A classic, beautiful building that offers books, periodicals, movies, historical archives, ebooks, online resources and programs for children and the community.
The Barre Area has numerous historic, cultural and recreational assets that make it a hospitable and enjoyable place to live and work. Indentified below are just a few of the notable "must see" and "must enjoy" places to go.
An historic opera house built in 1889 and renovated to offer the finest performance space in central Vermont. Nationally known artists are a regular attraction at this incredible facility.
Described as "astonishing" and "incredible", this cemetery not only memorializes loved ones, but is tribute to stone cutters and sculptors whose artistry and skills are on display throughout its 40 acres.
As an alternative to boring Mall shopping, downtown Barre is a convenient and attractive alternative where there is an internet cafe, a cobbler and leather shop, 6 antique/ collectibles stores, 2 huge hardware stores, a pharmacy, bookstore, camera and video store, travel agency, 3 bakeries, 2 jewelers, women's and children clothing store, outdoor and casual apparel and shoe stores, an office supply and copy storefront, a bridal and tuxedo shop, 7 lending institutions, and 6 restaurants. There is plenty of parking on the street and behind stores and many one-of the kind places to visit such as the Aldrich Public Library, Studio Place Arts, Vermont History Center, Socialist Labor Hall and when scheduled, performances at the Barre Opera House and Barre Auditorium.
A unique 400 acre forested landscape with a network of recreation trails for biking, walking, cross-country skiing and other activities among blue water ponds and artifacts of the granite industry. Check out the Millstone Trails Association for maps and location.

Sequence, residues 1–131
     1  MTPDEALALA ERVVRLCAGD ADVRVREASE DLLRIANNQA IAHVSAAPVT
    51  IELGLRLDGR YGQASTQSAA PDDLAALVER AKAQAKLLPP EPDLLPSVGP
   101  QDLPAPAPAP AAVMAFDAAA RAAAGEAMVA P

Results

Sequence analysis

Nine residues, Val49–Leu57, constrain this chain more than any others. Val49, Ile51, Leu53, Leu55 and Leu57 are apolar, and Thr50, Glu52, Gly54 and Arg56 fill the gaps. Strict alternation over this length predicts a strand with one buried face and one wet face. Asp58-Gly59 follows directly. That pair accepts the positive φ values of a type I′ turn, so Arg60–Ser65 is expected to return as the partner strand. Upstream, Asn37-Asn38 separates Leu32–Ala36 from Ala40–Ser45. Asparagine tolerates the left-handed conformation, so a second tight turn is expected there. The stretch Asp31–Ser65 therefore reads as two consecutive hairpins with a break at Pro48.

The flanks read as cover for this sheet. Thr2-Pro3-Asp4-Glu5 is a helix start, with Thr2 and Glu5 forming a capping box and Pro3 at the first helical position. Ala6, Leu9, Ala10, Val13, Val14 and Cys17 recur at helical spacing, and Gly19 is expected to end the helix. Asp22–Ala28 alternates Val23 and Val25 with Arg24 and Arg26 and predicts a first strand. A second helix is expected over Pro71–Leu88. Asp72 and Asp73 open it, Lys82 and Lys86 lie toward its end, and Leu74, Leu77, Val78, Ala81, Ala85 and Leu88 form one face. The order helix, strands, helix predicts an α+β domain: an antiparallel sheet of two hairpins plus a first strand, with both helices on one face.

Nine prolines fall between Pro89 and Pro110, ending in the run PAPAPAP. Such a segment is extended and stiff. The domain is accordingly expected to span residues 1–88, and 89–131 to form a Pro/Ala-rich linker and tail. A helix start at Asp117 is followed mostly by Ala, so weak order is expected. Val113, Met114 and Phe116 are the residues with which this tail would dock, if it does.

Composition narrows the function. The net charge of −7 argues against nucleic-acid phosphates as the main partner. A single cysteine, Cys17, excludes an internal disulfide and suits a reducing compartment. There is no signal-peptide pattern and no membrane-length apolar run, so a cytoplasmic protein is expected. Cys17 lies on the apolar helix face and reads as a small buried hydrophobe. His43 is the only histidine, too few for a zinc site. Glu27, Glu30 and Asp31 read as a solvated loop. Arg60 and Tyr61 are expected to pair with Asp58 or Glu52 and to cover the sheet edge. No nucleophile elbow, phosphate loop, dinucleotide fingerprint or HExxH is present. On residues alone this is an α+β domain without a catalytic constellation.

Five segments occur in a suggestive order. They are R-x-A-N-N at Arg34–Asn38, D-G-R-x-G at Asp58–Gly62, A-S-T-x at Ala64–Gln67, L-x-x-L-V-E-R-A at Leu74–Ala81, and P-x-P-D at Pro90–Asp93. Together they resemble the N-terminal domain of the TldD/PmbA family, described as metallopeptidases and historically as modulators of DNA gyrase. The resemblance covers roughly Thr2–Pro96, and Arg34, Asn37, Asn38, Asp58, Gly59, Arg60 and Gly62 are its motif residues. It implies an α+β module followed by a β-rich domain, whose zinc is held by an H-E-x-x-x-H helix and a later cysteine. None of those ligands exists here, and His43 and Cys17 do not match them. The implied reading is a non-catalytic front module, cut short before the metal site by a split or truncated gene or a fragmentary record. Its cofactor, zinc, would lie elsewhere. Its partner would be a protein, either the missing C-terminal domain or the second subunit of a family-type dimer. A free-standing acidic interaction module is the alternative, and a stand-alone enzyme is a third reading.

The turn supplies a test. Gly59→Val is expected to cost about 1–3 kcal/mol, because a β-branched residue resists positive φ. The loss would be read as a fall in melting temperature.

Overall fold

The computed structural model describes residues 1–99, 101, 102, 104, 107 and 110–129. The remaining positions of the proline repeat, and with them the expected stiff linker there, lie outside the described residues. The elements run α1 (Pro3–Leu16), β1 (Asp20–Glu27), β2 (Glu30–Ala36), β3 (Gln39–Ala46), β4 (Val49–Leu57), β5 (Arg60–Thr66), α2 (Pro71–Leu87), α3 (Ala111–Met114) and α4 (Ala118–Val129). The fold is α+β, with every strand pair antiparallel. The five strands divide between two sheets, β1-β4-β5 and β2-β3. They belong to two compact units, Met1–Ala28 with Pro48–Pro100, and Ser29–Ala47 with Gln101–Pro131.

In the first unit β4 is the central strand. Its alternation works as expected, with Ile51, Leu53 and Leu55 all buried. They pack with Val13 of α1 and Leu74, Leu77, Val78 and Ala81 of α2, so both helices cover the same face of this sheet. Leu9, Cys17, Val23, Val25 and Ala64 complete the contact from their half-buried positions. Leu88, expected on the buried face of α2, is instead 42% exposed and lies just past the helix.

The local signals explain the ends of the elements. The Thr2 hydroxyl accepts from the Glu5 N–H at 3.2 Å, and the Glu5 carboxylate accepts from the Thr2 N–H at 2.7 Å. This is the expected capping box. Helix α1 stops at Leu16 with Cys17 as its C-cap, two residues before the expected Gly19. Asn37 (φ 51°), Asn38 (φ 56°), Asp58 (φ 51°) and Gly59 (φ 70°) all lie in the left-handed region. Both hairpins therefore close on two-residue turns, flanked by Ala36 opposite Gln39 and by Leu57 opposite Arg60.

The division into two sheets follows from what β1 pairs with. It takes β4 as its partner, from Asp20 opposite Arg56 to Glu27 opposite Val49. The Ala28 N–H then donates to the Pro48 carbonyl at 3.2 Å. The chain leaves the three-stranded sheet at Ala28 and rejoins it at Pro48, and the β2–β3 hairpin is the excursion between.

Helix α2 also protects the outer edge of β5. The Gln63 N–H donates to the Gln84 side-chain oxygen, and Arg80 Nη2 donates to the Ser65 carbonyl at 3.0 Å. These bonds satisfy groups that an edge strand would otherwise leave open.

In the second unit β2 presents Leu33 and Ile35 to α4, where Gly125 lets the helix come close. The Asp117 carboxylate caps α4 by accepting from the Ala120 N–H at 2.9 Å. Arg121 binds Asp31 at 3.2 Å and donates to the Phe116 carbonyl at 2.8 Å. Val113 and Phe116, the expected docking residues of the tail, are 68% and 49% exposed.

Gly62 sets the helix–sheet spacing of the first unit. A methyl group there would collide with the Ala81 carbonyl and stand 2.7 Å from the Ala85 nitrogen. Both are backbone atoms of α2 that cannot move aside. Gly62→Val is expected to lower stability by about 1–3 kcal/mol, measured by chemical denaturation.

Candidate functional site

The State of Vermont's repository of Vermont History, with galleries, exhibits and archival records. A wonderful place to visit to learn more about Vermont or to do some research.
Located in a huge turn of the century granite manufacturing plant, this is absolutely the best place to learn about the granite industry and its development, culture and history in Vermont.
In the middle of downtown Barre, Studio Place Arts is a successful visual arts organization offering learning and educational opportunities, studio space and viewing and acquiring art from an electric gallery.
The National Historic Landmark building is owned by the Barre Historical Society and was originally built by Italian immigrants in 1900 as a community building, Most of the participating builders were primarily employed in the granite industry and were Social Labor Party and Granite Cutters Union members.
A famous, paved short track, .25 mile, 18 degree banked speedway for stock car racing. Located in Barre Town, it offers competitive racing every Thursday night from the beginning of May until early October, including American-Canadian Tour events.
The Visitor Center is a great place to visit to understand quarrying and manufacturing of granite. Tours are offered, including the Hope Cemetery between May and October.
The Barre Civic Center the three story Alumni Hall Complex, a 10,000 sq ft gymnasium in the historic Barre Municipal Auditorium, and the 21,500 sq ft BOR Arena, used for shows in the summer and ice hockey in the winter.